United States District Court, N.D. West Virginia
ORDER ADOPTING REPORT AND RECOMMENDATION [DKT. NO.
8], OVERRULING PETITIONER'S OBJECTIONS [DKT. NOS. 14,
16], AND DENYING AND DISMISSING § 2241 PETITION [DKT.
M. KEELEY UNITED STATES DISTRICT JUDGE
2010, Juan Gutierrez (“Gutierrez”) pleaded guilty
to one count of conspiracy to possess with intent to
distribute a controlled substance, in violation of 21 U.S.C.
§§ 846, 841(a)(1) and 841(b)(1)(B). At that time,
Gutierrez had two prior felony drug convictions - one federal
conviction for possession with intent to distribute marijuana
and one state conviction for possession of cannabis with
intent to sell or deliver. At sentencing, the district court
determined that Gutierrez's prior felony drug convictions
qualified him as a career offender under the Sentencing
Guidelines. Based on a total offense level 31 and a criminal
history category VI, the district court sentenced Gutierrez
to 188 months of imprisonment.
March 8, 2017, Gutierrez filed a pro se Petition for
Habeas Corpus pursuant to 28 U.S.C. § 2241, attacking
the validity of his sentence (Dkt. No. 1). Relying on
Mathis v. United States, 136 S.Ct. 2243 (2016), he
argues that his “state conviction [for]
‘possession with intent to sell or deliver' does
not qualify as a controlled substance offense, ” and
therefore that the district court incorrectly categorized him
as a career offender under the Sentencing Guidelines (Dkt.
No. 1 at 5-6). Pursuant to 28 U.S.C. § 636 and the
local rules, the Court referred this matter to the Honorable
James E. Seibert, United States Magistrate Judge, for initial
screening and a Report and Recommendation
Judge Seibert's R&R recommended that the Court
dismiss the petition for lack of jurisdiction because
Gutierrez had not demonstrated that § 2255 is an
inadequate or ineffective remedy by which to attack the
validity of his selection (Dkt. No. 8). Specifically, the
R&R concluded that Gutierrez had not established his
entitlement to the application of § 2255's savings
clause pursuant to the test articulated in In re
Jones, 226 F.3d 328 (4th Cir. 2000). Id. at 5-6
(citing Rice v. Rivera, 617 F.3d 802, 807 (4th Cir.
objects to the R&R's determination that, because the
petition does not fall within the scope of the savings
clause, it must be dismissed for lack of jurisdiction (Dkt.
Nos. 14, 16). He specifically objects to the R&R's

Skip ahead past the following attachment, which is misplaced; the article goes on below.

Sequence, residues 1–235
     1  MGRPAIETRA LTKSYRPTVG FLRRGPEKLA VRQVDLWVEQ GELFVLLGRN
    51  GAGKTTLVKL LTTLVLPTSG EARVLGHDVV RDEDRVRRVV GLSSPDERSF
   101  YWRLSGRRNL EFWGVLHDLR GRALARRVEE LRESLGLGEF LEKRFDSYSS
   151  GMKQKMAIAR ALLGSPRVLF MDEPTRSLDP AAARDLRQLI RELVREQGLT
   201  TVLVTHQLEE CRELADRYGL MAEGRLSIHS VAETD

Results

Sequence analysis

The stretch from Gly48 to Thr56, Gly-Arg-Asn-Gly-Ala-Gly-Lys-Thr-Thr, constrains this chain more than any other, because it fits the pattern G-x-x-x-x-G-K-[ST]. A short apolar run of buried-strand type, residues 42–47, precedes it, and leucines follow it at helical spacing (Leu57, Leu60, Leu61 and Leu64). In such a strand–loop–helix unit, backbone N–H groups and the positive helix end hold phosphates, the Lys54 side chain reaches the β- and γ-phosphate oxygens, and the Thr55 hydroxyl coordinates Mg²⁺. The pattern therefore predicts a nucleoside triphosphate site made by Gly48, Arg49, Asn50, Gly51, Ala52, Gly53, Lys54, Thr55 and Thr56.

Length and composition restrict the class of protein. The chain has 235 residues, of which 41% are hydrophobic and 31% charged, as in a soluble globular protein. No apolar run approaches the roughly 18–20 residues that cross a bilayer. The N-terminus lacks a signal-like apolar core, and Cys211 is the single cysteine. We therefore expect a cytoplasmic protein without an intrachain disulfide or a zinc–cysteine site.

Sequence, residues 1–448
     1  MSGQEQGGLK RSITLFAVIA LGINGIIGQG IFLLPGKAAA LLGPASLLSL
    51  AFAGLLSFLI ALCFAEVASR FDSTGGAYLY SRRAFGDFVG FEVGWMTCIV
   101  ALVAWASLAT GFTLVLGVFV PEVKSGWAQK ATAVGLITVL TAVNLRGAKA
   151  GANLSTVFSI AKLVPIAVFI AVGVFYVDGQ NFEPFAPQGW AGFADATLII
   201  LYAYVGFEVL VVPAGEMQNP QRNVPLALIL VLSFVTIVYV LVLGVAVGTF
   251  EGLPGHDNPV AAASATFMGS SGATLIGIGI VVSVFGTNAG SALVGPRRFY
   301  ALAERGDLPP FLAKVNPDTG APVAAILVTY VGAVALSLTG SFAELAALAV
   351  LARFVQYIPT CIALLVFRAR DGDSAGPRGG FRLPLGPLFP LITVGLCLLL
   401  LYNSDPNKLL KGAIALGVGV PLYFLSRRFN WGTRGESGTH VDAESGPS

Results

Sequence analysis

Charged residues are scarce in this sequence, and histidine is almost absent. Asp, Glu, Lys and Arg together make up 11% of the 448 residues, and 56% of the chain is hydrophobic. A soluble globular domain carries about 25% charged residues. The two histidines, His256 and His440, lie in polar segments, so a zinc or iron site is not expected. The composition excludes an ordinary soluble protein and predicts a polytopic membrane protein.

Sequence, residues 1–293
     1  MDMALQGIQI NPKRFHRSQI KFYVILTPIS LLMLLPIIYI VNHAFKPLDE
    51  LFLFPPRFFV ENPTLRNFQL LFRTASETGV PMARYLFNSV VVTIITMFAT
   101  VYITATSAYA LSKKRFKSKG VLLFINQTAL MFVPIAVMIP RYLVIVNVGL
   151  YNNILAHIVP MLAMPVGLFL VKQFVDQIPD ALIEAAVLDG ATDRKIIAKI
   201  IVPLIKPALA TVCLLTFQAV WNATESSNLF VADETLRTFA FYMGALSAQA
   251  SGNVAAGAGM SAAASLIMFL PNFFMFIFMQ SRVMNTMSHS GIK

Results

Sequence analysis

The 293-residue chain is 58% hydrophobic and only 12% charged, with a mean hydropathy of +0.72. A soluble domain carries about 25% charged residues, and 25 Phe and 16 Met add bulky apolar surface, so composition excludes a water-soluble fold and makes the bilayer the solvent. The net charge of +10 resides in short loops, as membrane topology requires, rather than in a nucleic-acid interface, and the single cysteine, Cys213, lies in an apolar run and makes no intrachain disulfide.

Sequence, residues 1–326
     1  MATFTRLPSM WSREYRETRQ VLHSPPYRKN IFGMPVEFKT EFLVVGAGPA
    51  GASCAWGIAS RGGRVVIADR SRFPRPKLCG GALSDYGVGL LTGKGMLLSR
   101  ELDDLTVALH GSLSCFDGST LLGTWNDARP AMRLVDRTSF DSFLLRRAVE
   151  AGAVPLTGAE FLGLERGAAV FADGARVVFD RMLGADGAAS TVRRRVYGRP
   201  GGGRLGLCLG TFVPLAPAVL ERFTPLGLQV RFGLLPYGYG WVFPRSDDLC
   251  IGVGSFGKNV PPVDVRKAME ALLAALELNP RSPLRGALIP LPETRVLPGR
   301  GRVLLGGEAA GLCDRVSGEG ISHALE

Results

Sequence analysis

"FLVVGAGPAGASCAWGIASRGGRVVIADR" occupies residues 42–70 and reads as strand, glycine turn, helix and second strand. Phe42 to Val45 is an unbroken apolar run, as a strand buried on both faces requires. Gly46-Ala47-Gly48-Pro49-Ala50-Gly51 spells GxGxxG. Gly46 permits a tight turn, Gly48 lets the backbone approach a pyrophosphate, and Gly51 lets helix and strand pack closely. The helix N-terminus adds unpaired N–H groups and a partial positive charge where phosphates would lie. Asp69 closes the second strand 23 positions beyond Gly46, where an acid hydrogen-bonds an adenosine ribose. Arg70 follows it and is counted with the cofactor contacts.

conclusion that the Supreme Court's decision in
Mathis does not support the application of §
2255's savings clause in this case (Dkt. Nos. 14 at 3,
6-7; 16 at 3-5). In his amended objections, he asserts that
the Fourth Circuit's recent decision in United States
v. Wheeler, 886 F.3d 415 (4th Cir. 2018), entitles him
to proceed under § 2241 (Dkt. No. 16 at 2-2, 5-6).
de novo review, the Court concludes that
Gutierrez's objections lack merit. Where, as here, a
petitioner seeks to attack the imposition of his sentence
rather than its execution, he may only seek a writ of habeas
corpus pursuant to § 2241 by demonstrating that §
2255 is “inadequate or ineffective to test the legality
of . . . detention.” 28 U.S.C. § 2255(e) (the
“savings clause”); see also In re Jones,
226 F.3d at 332.
Wheeler, the Fourth Circuit held that § 2255 is
inadequate or ineffective to test the legality of a sentence
(1) at the time of sentencing, settled law of this circuit or
the Supreme Court established the legality of the sentence;
(2) subsequent to the prisoner's direct appeal and first
§ 2255 motion, the aforementioned settled substantive
law changed and was deemed to apply retroactively on
collateral review; (3) the prisoner is unable to meet the
gatekeeping provisions of § 2255(h)(2) for second or
successive motions; and (4) due to this retroactive change,
the sentence now presents an error sufficiently grave to be
deemed a fundamental defect.
886 F.3d at 429 (citing In re Jones, 226 F.3d at
Wheeler precludes any relief under § 2255's
savings clause. Even assuming Gutierrez could satisfy the
first and third prongs of Wheeler, he has not
established that, subsequent to his first § 2255 motion,
the “settled substantive law [that established the
legality of his sentence] changed and was deemed to apply
retroactively on collateral review, ” as required by
the second prong. Id.
construed, Gutierrez appears to assert that, pursuant to
Mathis, there has been an intervening change in
substantive law that retroactively affects his
case. Contrary to Gutierrez's argument,
district courts in this Circuit and elsewhere have held that
Mathis does not represent a substantive change in
the law. See, e.g., Stewart v. United
States, No. CR ELH-13-262, 2017 WL 2361089, at *5 (D.
Md. May 31, 2017) (recognizing that Mathis did not
announce a new substantive rule applicable to cases on
collateral review); Dimott v. United States, Nos.
2:06-cr-26-GZS, 2:16-cv-347-GZS, 2016 WL 6068114, at *3 (D.
Maine Oct. 14, 2016) (“The Supreme Court made clear
that it was not breaking new ground in Mathis . . .
.”); Blackwell v. United States, No.
4:10-cr-00012, 2016 WL 5849384, at *5 (W.D. Va.Oct. 6, 2016)
(“By the Court's own admission, Mathis
does not set a new rule.”).
than changing settled substantive law in Mathis, the
Supreme Court reaffirmed precedent in existence well before